Hong Kong’s equality watchdog has urged the city’s government to recognise the legal status of transgender people without them having to undergo sex reassignment surgery.
In a potentially controversial move, the Equal Opportunities Commission also proposed that transgender people should be recognised as long as they had made a “statutory declaration that he or she intends to live permanently in his or her affirmed gender”.
The commission’s proposal was in sharp contrast to the views of some local Christian leaders, who suggested that discriminatory issues faced by transgender people could be resolved with social policies and facilities such as gender-neutral toilets, rather than legislation as demanded by LGBT activists.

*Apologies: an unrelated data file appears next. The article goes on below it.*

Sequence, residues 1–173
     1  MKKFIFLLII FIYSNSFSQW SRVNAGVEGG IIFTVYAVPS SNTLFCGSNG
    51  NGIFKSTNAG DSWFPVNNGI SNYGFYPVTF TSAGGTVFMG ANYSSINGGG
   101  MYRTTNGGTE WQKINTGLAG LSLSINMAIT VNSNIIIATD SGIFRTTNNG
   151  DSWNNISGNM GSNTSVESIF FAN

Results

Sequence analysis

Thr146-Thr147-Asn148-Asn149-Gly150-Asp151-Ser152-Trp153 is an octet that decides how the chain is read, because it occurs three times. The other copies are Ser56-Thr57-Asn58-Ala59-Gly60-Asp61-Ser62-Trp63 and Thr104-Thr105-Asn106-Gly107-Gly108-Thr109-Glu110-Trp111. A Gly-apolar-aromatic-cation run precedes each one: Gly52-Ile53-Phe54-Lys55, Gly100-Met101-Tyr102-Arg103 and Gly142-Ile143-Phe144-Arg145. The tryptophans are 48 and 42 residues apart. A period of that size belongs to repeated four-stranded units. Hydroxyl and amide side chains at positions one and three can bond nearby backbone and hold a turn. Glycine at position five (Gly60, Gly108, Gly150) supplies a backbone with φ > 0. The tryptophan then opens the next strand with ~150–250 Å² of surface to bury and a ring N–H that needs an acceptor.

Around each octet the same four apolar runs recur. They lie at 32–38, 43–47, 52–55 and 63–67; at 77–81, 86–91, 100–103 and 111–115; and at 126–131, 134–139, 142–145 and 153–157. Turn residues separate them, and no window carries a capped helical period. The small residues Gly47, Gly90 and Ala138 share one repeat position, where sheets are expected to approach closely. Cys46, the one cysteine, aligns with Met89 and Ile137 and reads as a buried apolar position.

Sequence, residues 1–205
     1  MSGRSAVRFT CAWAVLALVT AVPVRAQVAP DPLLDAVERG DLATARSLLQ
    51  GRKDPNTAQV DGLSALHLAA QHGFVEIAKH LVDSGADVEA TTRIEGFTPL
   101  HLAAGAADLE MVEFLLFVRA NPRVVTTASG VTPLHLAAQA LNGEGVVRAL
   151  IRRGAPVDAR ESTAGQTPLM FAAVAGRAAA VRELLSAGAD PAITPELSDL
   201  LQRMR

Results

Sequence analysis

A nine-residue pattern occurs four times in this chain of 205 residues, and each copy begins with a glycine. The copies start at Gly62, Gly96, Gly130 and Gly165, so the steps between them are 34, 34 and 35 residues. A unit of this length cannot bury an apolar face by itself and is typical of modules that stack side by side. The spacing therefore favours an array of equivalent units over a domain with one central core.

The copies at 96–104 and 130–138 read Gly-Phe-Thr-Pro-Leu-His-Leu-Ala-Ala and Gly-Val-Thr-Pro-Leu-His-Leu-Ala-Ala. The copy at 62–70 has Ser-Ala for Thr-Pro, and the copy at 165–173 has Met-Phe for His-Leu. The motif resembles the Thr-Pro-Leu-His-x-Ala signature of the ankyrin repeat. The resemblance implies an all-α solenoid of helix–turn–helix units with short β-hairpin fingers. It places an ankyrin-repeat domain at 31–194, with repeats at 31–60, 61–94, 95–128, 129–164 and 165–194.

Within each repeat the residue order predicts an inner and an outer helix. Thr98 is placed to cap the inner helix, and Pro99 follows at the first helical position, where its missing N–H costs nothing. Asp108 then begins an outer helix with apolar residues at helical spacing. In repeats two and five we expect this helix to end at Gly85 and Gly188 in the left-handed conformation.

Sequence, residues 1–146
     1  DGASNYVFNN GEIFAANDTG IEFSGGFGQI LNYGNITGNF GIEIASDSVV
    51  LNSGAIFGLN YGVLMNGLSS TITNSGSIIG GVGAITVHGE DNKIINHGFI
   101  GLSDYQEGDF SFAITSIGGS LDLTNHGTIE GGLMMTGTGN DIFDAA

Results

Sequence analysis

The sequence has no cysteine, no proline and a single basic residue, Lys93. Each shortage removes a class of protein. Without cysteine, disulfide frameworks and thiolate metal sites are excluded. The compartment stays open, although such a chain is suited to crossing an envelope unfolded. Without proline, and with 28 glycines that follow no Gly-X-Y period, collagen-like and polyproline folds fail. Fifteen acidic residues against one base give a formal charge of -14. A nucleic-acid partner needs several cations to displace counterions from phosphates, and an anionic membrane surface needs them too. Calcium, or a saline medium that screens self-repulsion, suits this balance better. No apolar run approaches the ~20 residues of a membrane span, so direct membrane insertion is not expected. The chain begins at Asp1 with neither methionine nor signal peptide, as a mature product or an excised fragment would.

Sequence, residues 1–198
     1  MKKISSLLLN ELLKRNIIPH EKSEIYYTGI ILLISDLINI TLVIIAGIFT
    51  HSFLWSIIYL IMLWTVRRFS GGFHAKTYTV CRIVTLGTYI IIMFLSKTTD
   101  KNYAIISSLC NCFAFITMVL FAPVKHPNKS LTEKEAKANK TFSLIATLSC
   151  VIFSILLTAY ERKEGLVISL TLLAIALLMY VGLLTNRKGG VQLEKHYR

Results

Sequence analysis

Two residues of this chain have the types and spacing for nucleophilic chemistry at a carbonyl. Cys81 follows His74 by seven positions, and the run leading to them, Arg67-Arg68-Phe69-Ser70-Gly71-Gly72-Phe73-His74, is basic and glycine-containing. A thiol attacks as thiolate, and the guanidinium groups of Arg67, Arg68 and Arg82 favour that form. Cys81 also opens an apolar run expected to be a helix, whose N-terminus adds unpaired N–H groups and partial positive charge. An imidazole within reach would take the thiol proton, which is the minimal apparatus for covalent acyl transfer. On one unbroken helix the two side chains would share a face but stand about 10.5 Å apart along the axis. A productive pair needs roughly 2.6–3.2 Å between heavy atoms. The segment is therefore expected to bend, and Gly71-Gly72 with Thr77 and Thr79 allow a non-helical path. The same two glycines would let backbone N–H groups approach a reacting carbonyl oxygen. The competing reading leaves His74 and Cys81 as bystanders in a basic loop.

The government organised a public consultation from June to December last year over the issue of legal recognition for transgender people, to which it had 15,000 responses. The consultation was prompted by a 2013 case in which the top court granted a transgender woman the right to marry her boyfriend. Since the ruling, transgender people who have undergone sex reassignment surgery have been able to get married. But academics say their status remains unclear on other issues such as housing and insurance. Read more via South China Morning Post